A man is wheeled across the Simon Bolivar International Bridge on the border between the Colombian city of Cucuta and the Venezuelan Tachira, on February 6, 2019. (Photo by Raul ARBOLEDA / AFP)
A man is wheeled across the Simon Bolivar International Bridge on the border between the Colombian city of Cucuta and the Venezuelan Tachira, on February 6, 2019. (Photo by Raul ARBOLEDA / AFP)

While much has been written about the continuing effectiveness of trusts in SA due to recent changes in our legislation, there is one type of trust that is not affected by recent amendments and which can still add great value to the life of disabled people.

This type of trust is called a type A special trust, which may be set up to assist people with disabilities.

The requirements of a type A special trust are:

• The trust must be established solely for the benefit of one or more people who have a disability; and

• This disability incapacitates the disabled person(s) from earning sufficient income for their maintenance or from managing their own affairs.

If the trust is set up for more than one person, the people must be related. There is, however, no requirement that the founder of the trust is related to the disabled person. In other words, the founder of the trust may set up a trust for a friend who is disabled, but that trust cannot have another beneficiary (besides the friend) who is not related to the friend. There is no age restriction for a person to be a beneficiary of a type A special trust.

A disability for the purposes of a type A special trust means a moderate to severe limitation of a person's ability to function or perform daily activities as a result of a physical, sensory, communication, intellectual or mental impairment. The limitation must have lasted more than one year, must have been diagnosed by a doctor and must still be apparent after sufficient steps have been taken to correct the limitation.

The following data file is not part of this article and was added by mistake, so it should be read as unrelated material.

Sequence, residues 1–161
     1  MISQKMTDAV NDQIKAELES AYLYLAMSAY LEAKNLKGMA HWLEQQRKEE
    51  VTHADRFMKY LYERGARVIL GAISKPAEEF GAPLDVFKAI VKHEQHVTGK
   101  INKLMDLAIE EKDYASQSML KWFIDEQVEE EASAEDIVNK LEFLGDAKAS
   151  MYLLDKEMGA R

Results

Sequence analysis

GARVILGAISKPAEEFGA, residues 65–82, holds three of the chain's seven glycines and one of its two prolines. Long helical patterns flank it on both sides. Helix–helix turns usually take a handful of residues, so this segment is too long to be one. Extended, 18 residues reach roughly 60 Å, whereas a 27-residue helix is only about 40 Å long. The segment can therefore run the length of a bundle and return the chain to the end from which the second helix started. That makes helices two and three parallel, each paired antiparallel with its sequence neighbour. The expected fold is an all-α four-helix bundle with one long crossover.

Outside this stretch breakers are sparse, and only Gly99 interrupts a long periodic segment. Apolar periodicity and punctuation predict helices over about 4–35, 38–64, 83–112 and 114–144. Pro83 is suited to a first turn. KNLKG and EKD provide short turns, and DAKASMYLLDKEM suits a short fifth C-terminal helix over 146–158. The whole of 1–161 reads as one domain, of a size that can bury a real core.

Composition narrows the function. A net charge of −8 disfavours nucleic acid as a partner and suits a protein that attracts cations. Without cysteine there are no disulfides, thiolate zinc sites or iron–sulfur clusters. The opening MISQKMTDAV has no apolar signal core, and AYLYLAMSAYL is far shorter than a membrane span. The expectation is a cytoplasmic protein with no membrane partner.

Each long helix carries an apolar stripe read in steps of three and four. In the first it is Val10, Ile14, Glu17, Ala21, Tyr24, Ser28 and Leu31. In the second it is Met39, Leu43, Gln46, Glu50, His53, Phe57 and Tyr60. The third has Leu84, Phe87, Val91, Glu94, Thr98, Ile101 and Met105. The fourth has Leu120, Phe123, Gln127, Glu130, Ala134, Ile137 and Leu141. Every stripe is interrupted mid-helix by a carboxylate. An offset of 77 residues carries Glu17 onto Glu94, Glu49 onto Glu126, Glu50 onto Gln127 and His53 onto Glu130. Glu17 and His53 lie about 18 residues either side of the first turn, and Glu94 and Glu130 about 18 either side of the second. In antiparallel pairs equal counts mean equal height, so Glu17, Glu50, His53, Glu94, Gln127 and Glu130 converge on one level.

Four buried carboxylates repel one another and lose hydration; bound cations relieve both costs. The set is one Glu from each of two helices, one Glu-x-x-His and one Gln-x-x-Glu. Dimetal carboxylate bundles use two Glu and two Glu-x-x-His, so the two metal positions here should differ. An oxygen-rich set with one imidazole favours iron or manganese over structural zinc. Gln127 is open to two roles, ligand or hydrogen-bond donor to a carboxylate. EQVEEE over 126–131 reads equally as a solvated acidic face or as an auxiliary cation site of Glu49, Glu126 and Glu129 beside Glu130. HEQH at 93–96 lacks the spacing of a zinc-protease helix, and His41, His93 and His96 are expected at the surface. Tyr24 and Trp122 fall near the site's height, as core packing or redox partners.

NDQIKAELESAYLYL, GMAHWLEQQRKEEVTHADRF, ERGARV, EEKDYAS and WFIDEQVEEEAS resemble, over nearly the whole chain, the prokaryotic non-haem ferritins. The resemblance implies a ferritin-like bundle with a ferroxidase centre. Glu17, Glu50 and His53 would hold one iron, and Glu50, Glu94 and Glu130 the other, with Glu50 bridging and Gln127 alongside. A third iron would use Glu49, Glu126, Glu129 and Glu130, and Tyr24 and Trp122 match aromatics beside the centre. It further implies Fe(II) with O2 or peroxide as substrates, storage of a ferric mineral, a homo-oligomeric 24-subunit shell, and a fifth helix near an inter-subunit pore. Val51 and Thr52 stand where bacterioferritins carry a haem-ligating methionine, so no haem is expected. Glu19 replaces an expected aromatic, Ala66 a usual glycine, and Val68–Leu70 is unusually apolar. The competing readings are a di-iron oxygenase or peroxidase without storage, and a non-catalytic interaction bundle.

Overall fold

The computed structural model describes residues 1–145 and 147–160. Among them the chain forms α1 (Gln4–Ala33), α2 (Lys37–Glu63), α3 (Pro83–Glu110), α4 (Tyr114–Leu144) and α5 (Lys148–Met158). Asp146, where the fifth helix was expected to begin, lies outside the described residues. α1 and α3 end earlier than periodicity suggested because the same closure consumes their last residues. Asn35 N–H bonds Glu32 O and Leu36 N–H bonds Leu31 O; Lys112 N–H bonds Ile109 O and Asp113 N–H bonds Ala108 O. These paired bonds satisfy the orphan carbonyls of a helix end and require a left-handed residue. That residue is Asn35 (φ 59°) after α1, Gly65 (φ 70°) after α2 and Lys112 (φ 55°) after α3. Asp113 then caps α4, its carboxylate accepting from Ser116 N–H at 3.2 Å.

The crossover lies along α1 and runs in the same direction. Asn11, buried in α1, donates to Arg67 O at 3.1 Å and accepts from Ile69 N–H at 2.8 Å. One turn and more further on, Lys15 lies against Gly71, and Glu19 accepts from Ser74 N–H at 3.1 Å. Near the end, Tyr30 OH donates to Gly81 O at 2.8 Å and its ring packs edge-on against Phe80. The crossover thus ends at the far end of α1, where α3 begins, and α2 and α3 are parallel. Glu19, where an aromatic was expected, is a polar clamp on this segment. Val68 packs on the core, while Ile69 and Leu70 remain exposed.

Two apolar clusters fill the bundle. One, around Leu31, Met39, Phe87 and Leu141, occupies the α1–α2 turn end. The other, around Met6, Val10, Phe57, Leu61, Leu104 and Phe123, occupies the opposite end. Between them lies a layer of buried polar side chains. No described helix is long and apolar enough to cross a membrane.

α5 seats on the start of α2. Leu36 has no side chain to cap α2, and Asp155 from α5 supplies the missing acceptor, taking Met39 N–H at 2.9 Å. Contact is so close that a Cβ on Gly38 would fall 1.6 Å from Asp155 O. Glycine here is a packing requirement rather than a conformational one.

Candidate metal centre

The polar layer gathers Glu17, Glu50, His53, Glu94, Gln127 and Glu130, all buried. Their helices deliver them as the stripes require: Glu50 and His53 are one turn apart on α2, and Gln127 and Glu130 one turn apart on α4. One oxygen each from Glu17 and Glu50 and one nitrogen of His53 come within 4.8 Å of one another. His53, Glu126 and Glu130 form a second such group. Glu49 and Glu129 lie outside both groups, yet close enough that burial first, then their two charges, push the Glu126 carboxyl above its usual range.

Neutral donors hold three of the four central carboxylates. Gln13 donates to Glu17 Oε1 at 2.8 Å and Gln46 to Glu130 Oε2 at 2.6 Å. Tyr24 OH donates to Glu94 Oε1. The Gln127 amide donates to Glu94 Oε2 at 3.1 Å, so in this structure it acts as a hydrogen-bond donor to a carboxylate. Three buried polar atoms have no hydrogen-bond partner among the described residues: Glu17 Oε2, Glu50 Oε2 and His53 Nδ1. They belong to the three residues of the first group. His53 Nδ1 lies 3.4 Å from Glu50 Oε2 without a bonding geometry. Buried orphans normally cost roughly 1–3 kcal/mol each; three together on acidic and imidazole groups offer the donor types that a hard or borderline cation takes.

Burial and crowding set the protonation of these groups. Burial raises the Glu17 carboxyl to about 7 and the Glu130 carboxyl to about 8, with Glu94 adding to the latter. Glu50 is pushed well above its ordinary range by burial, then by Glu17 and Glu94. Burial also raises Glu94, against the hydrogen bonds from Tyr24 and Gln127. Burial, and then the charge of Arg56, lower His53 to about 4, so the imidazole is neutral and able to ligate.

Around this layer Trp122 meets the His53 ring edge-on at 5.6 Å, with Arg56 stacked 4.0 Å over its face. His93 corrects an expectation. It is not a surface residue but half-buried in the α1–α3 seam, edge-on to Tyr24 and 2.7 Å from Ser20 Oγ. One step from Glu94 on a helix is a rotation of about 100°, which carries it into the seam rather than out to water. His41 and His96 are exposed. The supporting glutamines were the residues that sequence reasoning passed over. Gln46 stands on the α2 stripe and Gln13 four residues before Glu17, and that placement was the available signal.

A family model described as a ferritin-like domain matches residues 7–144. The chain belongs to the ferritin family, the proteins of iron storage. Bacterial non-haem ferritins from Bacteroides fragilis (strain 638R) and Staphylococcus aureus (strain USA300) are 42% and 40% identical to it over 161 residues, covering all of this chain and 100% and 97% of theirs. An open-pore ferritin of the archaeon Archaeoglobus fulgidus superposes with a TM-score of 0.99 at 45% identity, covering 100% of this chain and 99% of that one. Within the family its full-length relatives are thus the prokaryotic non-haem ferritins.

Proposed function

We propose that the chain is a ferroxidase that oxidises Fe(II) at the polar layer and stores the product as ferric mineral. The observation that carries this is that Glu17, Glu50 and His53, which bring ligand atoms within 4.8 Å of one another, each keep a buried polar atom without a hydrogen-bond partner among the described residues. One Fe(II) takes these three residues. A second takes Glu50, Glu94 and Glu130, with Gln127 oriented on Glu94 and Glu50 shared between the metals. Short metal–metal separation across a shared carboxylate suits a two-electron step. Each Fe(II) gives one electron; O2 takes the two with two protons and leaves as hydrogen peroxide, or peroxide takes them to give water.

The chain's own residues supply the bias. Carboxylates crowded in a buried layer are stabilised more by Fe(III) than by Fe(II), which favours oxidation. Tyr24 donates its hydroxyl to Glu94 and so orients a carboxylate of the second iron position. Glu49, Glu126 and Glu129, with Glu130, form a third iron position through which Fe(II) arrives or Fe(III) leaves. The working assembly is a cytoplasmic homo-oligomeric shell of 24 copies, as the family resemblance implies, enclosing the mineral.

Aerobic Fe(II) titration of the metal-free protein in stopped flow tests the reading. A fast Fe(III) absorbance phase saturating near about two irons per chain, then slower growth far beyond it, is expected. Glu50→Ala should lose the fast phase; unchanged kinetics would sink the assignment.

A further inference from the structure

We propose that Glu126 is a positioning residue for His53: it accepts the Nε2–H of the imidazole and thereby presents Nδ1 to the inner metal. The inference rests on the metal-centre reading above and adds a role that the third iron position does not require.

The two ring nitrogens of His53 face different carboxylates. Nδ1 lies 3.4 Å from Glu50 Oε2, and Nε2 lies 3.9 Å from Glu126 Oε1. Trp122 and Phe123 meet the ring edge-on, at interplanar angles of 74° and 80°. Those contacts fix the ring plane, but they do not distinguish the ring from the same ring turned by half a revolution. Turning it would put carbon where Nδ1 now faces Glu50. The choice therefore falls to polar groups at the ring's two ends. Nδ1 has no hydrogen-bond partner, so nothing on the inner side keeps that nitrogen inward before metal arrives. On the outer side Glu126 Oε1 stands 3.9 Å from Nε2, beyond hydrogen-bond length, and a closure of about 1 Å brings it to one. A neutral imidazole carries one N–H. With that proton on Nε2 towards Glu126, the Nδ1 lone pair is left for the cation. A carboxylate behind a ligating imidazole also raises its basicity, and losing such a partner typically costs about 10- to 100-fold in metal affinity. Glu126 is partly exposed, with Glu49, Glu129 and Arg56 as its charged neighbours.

Benefits of a type A special trust include:

1. Reduced tax rates: A type A special trust is taxed on the same sliding scale as individuals, as opposed to a normal trust which is taxed at the flat rate of 45%. This means that the disabled beneficiary of the special trust will receive more after-tax money than if a normal trust had been set up and the income was taxed in the hands of the normal trust.

2. Continuity: The disabled person may be looked after by the trust upon the death of the founder of the trust. It is wise to appoint other trustees to the trust who would ensure that the trust continues.

3. Loans or donations: The founder of the trust may transfer money/assets to the trust for the benefit of the disabled person by either an interest-free loan or a donation. (As mentioned above, a special trust is not affected by recent legislative changes and a person may still make an interest-free loan to a special trust without negative tax consequences.) It must be noted that if the donation route is taken, there may be negative tax consequences in the form of donations tax and/or the income received as a result of the donation being taxed in the hands of the donor.

4. Capital gains tax benefits: Special trusts also have access to certain capital gains tax benefits not available to normal trusts (but available to individuals).

Though normal trusts may have lost their attractiveness as an investment tool, type A special trusts are still extremely useful and should be considered by anyone who is entrusted with the wellbeing of a disabled person. Please note there are certain deeming-of-income provisions that must always be considered when dealing with a trust.

• Baines is a tax consultant at Mazars and the author of How to Get a Sars Refund